Raspberry Pi VS Arduino
In the history of nerd debates you have classics like Windows vs. Mac, Edison vs. Tesla AMD vs. Intel and now our Arduino vs. Raspberry Pi which one is superior which one should you get?
Let's find out why is it that these two frenemies are always being compared to one another probably because they're about the same size you can control electronic components with them and they're both very popular amongst the tinkering community but they couldn't be more different.
Let's look at the Arduino this is the device you want if all you want to do is control electronic components and nothing else you can add motors light sensors and even wireless and Bluetooth modules to it making it the perfect platform for building robots. The heart of the Arduino is a little chip, this is known as a microcontroller. Microcontrollers are chips that were created by Texas Instruments the same people that made it big on developing calculators so comparing this to a alculator really isn't that far off. These microcontrollers have basically everything they need to store run and execute programs right within the chip itself and they don't require much power to run. You'll often see them powered by 9-volt batteries. Arduinos' come in all different shapes and sizes, so no matter what size project you have there's most likely an Arduino out there for it. They also have options for easily attaching pre-made peripherals called shields.
These sit on top of the Arduino and you can use them to easily add Bluetooth, cellular, Ethernet, motor controls, LCDs, and tons of other components. Even though microcontrollers are mostly self-contained, you still have to connect it to a computer in order to program it. But once you've uploaded your code to the microcontroller could then disconnect it from the computer and let it run as a standalone device. The code it uses a similar to the c-sharp programming language but, there are a few third-party options out there for programming it using Python or blockly but Arduino IDE software is the primary way to program the microcontroller.
Unlike the Arduino and it's do-it-all microcontroller the Raspberry Pi sports a microprocessor which requires assistance from separate chips to be able to store run and execute code. So if you're familiar with the motherboard of the computer the microprocessor is the processor the heart of the computer and then you have the RAM, graphics controller, Ethernet controller and hard drive and all these other separate components that are required for the computer to run. So if you shrink all that down to a single board you've got yourself a Raspberry Pi, being an entire computer itself. One can see why it's difficult to compare it to an Arduino. The PI has built-in USB, graphics, wireless Bluetooth and audio and it runs the Linux operating system so you can literally use it like you use any other computer. But because of that it also requires more power than the Arduino to run and the added layers of chips and software not only make it a lot more complex than the Arduino but also make it more complex to operate.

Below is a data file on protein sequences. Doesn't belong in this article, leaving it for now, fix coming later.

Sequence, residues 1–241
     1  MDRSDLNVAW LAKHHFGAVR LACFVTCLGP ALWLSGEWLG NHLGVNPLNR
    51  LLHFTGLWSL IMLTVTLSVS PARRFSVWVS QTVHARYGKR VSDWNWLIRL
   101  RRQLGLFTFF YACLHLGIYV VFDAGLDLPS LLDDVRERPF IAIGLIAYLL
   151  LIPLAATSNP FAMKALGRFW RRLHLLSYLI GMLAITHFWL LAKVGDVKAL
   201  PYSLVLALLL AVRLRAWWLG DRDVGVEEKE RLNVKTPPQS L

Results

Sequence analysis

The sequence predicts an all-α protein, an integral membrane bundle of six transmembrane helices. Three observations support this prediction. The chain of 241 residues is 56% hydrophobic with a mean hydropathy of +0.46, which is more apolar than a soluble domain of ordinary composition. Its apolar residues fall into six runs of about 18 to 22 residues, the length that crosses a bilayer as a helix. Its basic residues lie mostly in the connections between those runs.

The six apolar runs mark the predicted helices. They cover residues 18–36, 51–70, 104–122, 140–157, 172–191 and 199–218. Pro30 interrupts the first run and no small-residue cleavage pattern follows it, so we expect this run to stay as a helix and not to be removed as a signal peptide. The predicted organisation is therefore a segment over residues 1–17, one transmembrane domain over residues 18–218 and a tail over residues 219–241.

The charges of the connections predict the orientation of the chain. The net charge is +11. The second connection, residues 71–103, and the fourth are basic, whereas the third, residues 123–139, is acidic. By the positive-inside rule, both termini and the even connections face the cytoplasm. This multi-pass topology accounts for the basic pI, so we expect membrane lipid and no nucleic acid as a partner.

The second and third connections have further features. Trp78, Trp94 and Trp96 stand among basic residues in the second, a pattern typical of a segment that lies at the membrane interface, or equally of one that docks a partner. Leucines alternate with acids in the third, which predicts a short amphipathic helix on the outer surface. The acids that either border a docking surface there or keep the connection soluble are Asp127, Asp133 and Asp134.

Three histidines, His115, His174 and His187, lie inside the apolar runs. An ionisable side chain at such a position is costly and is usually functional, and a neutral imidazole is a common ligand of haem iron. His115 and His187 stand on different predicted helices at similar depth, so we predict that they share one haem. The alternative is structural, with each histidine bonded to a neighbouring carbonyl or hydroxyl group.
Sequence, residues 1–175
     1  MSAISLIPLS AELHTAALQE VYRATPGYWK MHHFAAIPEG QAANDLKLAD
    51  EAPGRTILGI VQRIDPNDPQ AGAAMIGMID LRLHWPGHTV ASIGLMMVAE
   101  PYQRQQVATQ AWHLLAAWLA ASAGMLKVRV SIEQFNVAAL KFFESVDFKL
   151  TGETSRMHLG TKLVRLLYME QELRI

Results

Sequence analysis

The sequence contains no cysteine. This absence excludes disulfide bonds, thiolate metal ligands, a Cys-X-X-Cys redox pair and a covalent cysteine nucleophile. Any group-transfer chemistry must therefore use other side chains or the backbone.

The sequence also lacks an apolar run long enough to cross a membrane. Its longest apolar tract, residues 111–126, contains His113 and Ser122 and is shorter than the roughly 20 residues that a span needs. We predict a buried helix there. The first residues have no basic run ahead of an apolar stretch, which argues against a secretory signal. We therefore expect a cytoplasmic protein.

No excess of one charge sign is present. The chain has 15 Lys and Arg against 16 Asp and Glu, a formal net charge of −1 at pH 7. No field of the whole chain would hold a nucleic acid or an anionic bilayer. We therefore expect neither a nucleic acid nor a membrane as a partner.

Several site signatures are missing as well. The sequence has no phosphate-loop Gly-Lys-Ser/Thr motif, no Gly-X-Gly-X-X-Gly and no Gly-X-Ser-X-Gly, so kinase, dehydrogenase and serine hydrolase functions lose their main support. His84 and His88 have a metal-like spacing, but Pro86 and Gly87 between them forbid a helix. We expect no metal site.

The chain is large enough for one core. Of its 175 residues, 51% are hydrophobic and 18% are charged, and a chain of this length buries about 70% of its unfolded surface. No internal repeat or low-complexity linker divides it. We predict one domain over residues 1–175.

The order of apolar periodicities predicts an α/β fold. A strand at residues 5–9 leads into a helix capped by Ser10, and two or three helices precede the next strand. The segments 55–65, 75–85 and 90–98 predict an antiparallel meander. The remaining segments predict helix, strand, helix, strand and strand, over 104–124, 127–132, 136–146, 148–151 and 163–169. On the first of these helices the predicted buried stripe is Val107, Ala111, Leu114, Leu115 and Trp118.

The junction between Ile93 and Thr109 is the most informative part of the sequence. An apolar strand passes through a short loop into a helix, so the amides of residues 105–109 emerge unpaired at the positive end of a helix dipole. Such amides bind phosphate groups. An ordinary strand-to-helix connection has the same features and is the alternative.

So why then does it get compared so much to the Arduino? It's because of some Pins known as general purpose input output pins or GPIO Pins and like the Arduino they can be used to control other electronic components. While they aren't as extensive as the pins enlarge we know they can still be used to do a lot of the same things like controlling lights, motors, sensors, and LCDs. To program these GPIO pins instead of connecting it to a separate computer like you would have to do with an Arduino, you can program them directly from the PI since it is itself is a computer. Python is the primary programming language for programming these pins but then you can also use some of the more popular that are out there. Similar to the Arduino shields the PI's have something called hats that sit on top of the GPIO pins and allow you to easily add pre-made components. PI's have three different sizes to choose from as well so that you can get the right one that fits your project size.
Enough with the details, just tell me which one I should buy well since they're completely different tools? It depends on what type of project you're doing you wouldn't want to buy an entire computer just to solve a math problem and you wouldn't want to buy a calculator to watch youtube videos. If all you want to do is work with sensors and robotics, then buying a Raspberry Pi would be overkill. An Arduino would be a better choice for that however if you wanted to add elements of a computer to your robotics or sensory projects like adding a webcam USB storage or making it a webserver then a Raspberry Pi might be the one to get!
Better look at it this way if you wanted to build a Bluetooth controlled toy car and use an Arduino if you wanted to build a Bluetooth controlled toy car with a webcam that livestreams to twitch get a Raspberry Pi. Here's our recommendation if you're a beginner just getting started tinkering we recommend going with Arduino it's designed for beginners and it's simple to use. Once you're comfortable with that you can move on to the Raspberry Pi and add that level of operating system and software difficulty.